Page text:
- Eric Morath points out that a job (or even multiple jobs) can't be taken as an assurance that a person can avoid relying on income supports and other social programs. PressProgress offers some important takeaways from the Canadian Labour Congress' study of the low-wage workers. Angella MacEwen writes about the spread of the $15 minimum wage movement in Canada.
- Meanwhile, Carol Goar writes that while we should be looking to improve our social safety net, we need to do so while taking into account the real experience of the people relying upon it.
- Jason Warick reports on Eric Howe's findings that Saskatchewan is severely limiting its own future by failing to boost aboriginal participation in our economy. And Mitchell Anderson reminds us that Alberta (among other Canadian jurisdictions) has turned resource development into little long-term gain:
Which place is doing a better job of capturing public value from a public resource? Dividing resource revenues by production reveals some shocking figures. Norway realized revenues of $87.69 per barrel in 2013. Alaska managed $38.54. And Alberta? Just $4.38 -- one-twentieth what our Norwegian cousins managed to rake in.- Finally, L. Ian MacDonald writes that the Cons' environmental irresponsibility looms as a leading cause of the death of pipeline expansions. And Barbara Yaffe slams the ineffective response to the English Bay oil spill by multiple levels of government.
Alberta has already produced 15 per cent more conventional oil and gas than Norway, and didn't have to go 200 kilometres out in the North Sea to get it. Even at current depressed prices, Alberta oil, gas and bitumen production to 2013 would have a combined market value of $1.7 trillion. So where did the money go?
The answer is not economic nor political. It is cultural. Albertans have accepted a consistent and repeated message from a number of vested interests that taxation is bad, government is inept, and public resources should be privatized. Once voters believe that, effective government oversight is politically impossible and industry gets to keep a larger portion of Canada's resource pie -- estimated to be worth some $33 trillion based only on our inventory of petroleum and timber.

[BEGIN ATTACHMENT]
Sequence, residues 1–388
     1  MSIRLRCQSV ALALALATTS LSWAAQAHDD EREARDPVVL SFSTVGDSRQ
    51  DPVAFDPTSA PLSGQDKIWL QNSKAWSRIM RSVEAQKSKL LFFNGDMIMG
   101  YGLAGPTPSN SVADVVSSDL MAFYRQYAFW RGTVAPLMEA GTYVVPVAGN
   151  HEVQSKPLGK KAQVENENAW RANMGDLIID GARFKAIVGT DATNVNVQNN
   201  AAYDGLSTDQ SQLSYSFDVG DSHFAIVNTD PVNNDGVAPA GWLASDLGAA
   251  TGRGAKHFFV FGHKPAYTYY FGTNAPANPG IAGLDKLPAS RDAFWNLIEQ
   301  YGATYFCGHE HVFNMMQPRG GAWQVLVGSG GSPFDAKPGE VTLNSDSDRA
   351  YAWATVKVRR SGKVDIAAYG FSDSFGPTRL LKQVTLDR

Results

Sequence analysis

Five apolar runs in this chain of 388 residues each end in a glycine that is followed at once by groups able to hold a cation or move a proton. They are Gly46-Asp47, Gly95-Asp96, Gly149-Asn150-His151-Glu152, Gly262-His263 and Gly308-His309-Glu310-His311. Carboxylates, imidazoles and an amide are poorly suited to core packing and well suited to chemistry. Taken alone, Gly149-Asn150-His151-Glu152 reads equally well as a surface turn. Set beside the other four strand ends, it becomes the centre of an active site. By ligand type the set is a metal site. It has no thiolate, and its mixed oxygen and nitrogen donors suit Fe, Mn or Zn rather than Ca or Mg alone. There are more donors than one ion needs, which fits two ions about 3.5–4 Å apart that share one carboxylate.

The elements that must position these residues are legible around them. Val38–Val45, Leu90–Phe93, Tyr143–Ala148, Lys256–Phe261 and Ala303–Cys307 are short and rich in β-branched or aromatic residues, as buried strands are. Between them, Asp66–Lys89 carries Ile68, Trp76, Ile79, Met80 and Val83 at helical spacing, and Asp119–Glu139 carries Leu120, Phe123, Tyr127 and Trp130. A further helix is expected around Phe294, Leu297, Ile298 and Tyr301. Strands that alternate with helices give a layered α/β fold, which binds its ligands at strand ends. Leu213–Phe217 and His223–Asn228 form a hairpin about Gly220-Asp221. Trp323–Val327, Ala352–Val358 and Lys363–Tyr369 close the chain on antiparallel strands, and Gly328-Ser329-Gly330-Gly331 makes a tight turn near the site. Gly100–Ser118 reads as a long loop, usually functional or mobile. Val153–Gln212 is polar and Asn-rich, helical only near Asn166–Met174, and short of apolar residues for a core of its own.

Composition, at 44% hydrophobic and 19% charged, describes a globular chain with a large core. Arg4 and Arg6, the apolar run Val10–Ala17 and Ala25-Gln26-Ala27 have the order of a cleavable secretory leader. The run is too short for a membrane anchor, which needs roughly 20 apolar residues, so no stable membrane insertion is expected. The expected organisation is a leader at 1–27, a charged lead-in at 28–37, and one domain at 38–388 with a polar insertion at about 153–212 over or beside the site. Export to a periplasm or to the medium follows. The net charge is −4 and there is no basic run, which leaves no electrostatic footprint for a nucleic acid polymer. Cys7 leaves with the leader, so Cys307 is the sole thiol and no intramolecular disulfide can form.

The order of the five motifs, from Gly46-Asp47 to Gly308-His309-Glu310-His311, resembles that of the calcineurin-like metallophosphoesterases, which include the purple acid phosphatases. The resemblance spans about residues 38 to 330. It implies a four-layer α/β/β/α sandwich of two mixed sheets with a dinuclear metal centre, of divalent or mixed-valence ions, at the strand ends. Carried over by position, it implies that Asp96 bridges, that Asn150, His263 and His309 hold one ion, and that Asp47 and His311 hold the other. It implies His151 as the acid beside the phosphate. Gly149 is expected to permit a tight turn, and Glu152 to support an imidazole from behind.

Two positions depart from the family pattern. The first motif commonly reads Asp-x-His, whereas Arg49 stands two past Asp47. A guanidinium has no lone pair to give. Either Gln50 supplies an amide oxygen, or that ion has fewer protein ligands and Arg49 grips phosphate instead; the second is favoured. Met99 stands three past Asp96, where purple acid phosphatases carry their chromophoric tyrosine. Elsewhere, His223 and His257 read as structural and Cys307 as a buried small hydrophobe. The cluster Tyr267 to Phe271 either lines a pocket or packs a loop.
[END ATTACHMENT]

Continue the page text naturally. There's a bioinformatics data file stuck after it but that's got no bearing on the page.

So what does Norway do to ensure their private sector partners don't walk away with most of the resource wealth?
• Norway acts like an owner. Companies doing business in Norway are under no illusions about who is in charge. Misleading or lying to Norwegian authorities can lead to forfeited tenures or even jail time.
• Norway taxes to the max and makes no apologies about it. Taxation on oil profits is currently close to 80 per cent. One former energy minister even chewed out his bureaucrats in full view of enraged oil executives when they threatened to pull out of the country after taxes were raised. Noting that none had actually walked away, he told his underlings "we should have taken more!"
• Norway taxes profits, not extraction. Alberta instead sells oil and bitumen by the barrel, creating virtually zero incentives for efficiencies or value added. The Norwegian government wants companies to make money because for every dollar they make, Norway makes four. With such clearly aligned interests, companies are lining up to do business there.
• Norway captures and distributes wealth. Petroleum helps finance some of the most generous social programs in the world and every Norwegian knows it. With public buy-in like that, companies have certainty their investments are welcome and their product can get to market. Companies spending billions in the oilsands have no such assurance given the pitched battles around resource policy here in Canada. No public buy-in, no certainty. Sorry fellas, there's no free lunch on that one.
• Norway stashed the cash. All petroleum revenues go into a stand-alone oil fund administered by the Norwegian Central Bank -- not their government. This firewall prevents elected officials from getting lazy about budgeting since they can only access four per cent each fiscal year. This now-massive pot of money is also only invested outside of the country to avoid inflating the currency.
• Norway put public players on the field. One of the first things Norway did was start Statoil, the first of their two state-owned oil companies. They now own about 40 per cent of its production and 50 per cent of its reserves. These investments and risks have richly paid off and typically now bring in as much revenue as taxation. What stake does Alberta own in its production? Zero, and the balance sheet shows it.